Again, the government unleashed its military might against Matalam. It was the first time I saw on TV a live newscast showing government howitzers shelling the rebels. Again, after causing the loss of several lives and destroying several properties, the government finally neutralized the Matalam rebellion. Matalam was from Cotabato.
Misuari of Sulu
Then, at the onset of the Marcos martial law years, another Moro armed uprising challenged the government. This time it was led by Nur Misuari of the Moro National Liberation Front.
The MNLF insurrection proved to be the longest lasting Moro led armed uprising (1973-1996), we have thus far witnessed as a people.The government tried to use force to suppress the MNLF uprising. It did not work.
It was only after the MNLF war had killed more than 100,000 people and uprooted more than 200,000 people in the areas of conflict that the government realized that we should talk things over, not shoot it out, with the MNLF to bring peace to central and southern Mindanao.
The government, then, resorted to diplomacy and guile to bring the MNLF to the negotiating table. Misuari told me some days ago that he is probably the only rebel leader in the world who had signed three peace agreements with the very government he had been fighting against. But up to this very day, he feels betrayed by the government in that he says there are some provisions of the last peace agreement he had signed in Jakarta in 1996 that had been, to use his words, 'smuggled' into the treaty without his consent.
Misuari is from Sulu. Now whether or not, Misuari is correct in his apprehensions about the integrity of the Jakarta peace agreement is one thing. At least for the moment, the Jakarta peace agreement holds, even if probably a little tenuously.
Guns spewing violence
Unfortunately, the applicability of the government peace agreement with the MNLF, notwithstanding, the guns of rebellion in central and southern Mindanao have not been silenced and are spewing violence as the current situation shows.
For as mentioned earlier, two armed challenges still confront the government in central and southern Mindanao in the armed banditry of the Abu Sayyaf and the armed rebellion of the MILF.
Eschewing sound analysis, the government has compounded the problem by lumping the Abu Sayyaf and the MILF together as if they are one and the same gang of cutthroats and by deciding to meet their challenges by a single approach: the use of an all out superior armed force to quell their uprisings.
The position of the government is only partially correct and that is as far as the Abu Sayyaf is concerned. Certainly not as far as the MILF is concerned because as discussed earlier the two groups are miles apart in their objectives and methods of challenging the government. Moreover, the lessons of history teach us that the use of all out force against Moro arms has never brought and will never bring peace to central and southern Mindanao without a comprehensive plan that addresses not the seasonal, tribal complaints of the Tausugs or the Maranaos or the Magindanaos or any other Moro group but the fundamental grievances of the Bangsa Moro as a people.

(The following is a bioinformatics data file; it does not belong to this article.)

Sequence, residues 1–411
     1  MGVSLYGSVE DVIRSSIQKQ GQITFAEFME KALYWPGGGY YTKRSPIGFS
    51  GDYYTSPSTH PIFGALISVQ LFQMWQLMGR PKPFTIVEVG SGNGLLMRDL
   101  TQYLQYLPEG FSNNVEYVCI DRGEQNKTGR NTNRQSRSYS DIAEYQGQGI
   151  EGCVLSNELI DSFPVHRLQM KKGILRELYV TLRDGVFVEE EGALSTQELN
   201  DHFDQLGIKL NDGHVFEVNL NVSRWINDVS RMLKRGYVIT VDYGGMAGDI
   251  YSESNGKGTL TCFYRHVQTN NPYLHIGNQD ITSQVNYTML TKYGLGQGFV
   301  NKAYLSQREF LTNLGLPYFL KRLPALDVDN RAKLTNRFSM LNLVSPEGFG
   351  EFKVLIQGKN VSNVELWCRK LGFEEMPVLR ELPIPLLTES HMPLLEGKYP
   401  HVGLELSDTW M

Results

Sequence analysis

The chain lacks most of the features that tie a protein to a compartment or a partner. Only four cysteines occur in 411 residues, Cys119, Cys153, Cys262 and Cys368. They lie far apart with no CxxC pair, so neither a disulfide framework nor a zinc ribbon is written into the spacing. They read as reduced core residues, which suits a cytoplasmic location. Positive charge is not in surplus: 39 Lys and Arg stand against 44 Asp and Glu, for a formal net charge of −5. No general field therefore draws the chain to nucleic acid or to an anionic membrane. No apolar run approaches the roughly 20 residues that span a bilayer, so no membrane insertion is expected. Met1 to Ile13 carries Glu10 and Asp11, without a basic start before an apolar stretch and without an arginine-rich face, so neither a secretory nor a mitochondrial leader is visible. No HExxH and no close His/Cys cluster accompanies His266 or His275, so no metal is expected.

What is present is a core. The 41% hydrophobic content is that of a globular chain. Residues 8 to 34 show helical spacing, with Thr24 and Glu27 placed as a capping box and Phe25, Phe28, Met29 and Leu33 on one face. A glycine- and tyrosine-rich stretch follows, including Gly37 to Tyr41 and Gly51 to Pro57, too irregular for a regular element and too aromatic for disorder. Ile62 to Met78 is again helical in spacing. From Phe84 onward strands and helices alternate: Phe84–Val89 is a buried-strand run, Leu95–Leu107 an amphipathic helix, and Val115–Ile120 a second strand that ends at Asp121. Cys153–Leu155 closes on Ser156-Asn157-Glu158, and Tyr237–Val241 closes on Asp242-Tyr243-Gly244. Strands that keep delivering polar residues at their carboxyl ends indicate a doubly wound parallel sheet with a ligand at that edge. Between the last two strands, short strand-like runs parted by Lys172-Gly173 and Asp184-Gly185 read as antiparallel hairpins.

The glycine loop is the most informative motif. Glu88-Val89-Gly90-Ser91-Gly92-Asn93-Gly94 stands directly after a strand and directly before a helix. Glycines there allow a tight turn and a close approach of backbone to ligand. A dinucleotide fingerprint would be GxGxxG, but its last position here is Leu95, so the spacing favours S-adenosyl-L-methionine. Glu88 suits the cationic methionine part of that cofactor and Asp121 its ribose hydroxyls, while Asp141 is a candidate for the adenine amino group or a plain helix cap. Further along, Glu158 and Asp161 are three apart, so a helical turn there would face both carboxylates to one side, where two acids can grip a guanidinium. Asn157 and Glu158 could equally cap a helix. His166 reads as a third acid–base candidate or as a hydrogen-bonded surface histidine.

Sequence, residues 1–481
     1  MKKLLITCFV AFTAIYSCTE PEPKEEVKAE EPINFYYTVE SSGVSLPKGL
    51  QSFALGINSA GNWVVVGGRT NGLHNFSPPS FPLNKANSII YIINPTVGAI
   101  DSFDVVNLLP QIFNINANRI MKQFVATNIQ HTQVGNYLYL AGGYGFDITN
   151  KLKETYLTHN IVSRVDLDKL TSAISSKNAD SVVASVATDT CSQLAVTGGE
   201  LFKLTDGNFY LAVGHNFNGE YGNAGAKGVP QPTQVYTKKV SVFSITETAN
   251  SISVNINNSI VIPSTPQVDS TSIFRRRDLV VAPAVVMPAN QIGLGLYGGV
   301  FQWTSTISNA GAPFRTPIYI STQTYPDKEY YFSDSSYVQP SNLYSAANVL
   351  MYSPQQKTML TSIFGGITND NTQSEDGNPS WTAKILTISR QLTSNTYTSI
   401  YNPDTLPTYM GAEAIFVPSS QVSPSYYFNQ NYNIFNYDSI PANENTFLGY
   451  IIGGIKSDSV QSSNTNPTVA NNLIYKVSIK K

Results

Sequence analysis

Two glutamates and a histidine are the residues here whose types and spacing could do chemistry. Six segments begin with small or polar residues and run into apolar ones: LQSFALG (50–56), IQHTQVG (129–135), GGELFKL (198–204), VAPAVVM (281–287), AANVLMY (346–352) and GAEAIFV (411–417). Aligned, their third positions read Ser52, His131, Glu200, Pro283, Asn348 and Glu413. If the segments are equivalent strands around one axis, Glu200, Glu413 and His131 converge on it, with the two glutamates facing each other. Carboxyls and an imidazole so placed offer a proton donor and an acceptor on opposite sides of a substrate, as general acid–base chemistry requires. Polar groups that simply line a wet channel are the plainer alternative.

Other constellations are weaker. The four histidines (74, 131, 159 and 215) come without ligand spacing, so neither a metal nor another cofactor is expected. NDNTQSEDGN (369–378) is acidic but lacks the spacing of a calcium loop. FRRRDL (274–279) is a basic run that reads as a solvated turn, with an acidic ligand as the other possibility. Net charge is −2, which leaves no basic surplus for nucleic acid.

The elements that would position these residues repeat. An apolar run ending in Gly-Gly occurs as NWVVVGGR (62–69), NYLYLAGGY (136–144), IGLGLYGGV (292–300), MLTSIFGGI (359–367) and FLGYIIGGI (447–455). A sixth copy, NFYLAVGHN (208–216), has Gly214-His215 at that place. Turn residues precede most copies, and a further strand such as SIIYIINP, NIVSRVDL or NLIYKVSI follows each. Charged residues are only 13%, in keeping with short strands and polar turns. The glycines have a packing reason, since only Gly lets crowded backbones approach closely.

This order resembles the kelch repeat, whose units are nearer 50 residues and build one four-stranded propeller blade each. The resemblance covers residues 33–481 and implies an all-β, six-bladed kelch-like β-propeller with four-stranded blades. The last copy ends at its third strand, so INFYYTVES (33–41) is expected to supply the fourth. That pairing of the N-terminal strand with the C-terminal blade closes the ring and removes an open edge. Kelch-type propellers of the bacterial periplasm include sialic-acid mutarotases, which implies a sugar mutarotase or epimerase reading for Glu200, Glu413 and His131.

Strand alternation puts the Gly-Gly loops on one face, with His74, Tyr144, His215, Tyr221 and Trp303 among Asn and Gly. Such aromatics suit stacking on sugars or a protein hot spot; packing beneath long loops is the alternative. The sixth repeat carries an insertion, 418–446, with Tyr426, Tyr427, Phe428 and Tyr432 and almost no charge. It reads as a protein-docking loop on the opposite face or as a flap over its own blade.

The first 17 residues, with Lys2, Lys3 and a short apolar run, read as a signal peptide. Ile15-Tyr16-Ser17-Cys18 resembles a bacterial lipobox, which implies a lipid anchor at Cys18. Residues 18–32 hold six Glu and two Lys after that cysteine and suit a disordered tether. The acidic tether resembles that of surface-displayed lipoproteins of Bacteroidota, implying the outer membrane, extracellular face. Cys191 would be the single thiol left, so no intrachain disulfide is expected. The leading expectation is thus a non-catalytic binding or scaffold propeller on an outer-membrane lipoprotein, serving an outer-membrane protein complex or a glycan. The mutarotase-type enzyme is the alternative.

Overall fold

This is not to say that the government should merely sit idly by while tribal Moro arms challenge it. The government, of course, has the right and the duty to assert its superiority over those who challenge it by the use of force. But the use of superior government arms should only be tactical, not strategic, in the matter of dealing with Moro armed uprisings.
Otherwise, the use of force will result only in establishing the peace of the graveyard, not the just and lasting peace that we all want for Mindanao and the rest of the country.
Divide and rule policy, ineffective
That the use of force has not solved the so-called Moro problem in central and southern Mindanao is plainly evident. In all the Moro uprisings that I have witnessed vicariously or actually, I have seen the government fail in bringing about a just and lasting peace in the area. As pointed out earlier, the government killed Dimakaling of Lanao; subdued Kamlon of Sulu; pacified Matalam of Cotabato, and alternately warred against and talked peace with Misuari of Sulu.
A clearer case against the use of force and of the tactic of divide and rule as a policy could hardly be established. But what is abundantly clear is that the policy of force and of divide-and-rule has never worked to achieve a just and lasting peace in central and southern Mindanao in the past.
Neither will it work today as against the MILF. Every day, the pages of the dailies and the air lanes of radio and television report killings that are obviously spawned by the violence unleashed by extremists of both sides of the war now raging in central and southern Mindanao.
What, then, is the solution? I suggest the following steps: (a) in the short run, we have to declare a cease-fire; (b) in the middle run, we should negotiate with the MILF rebels, and bring development to Mindanao; and (c) in the long run, we have to offer to the Bangsa Moro a federal state of their own that will remain as a part of the federal republic.
Briefly, the proposal to adopt a federal form of government for the country will establish federal states to cover the various parts of the country.